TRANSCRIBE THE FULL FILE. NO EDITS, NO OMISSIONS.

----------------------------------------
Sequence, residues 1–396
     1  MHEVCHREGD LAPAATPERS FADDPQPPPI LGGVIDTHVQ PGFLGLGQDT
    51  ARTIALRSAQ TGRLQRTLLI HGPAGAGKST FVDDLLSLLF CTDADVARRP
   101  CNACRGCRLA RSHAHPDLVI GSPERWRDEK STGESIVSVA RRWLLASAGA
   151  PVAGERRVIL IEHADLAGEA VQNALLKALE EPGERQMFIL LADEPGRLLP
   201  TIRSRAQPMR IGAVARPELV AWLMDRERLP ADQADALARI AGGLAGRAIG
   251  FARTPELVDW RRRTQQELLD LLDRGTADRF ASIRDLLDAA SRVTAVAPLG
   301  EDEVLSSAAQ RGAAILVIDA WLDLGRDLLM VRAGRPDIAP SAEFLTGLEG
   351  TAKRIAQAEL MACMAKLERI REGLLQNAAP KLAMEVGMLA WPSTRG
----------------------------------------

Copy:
Sequence, residues 1–396
     1  MHEVCHREGD LAPAATPERS FADDPQPPPI LGGVIDTHVQ PGFLGLGQDT
    51  ARTIALRSAQ TGRLQRTLLI HGPAGAGKST FVDDLLSLLF CTDADVARRP
   101  CNACRGCRLA RSHAHPDLVI GSPERWRDEK STGESIVSVA RRWLLASAGA
   151  PVAGERRVIL IEHADLAGEA VQNALLKALE EPGERQMFIL LADEPGRLLP
   201  TIRSRAQPMR IGAVARPELV AWLMDRERLP ADQADALARI AGGLAGRAIG
   251  FARTPELVDW RRRTQQELLD LLDRGTADRF ASIRDLLDAA SRVTAVAPLG
   301  EDEVLSSAAQ RGAAILVIDA WLDLGRDLLM VRAGRPDIAP SAEFLTGLEG
   351  TAKRIAQAEL MACMAKLERI REGLLQNAAP KLAMEVGMLA WPSTRG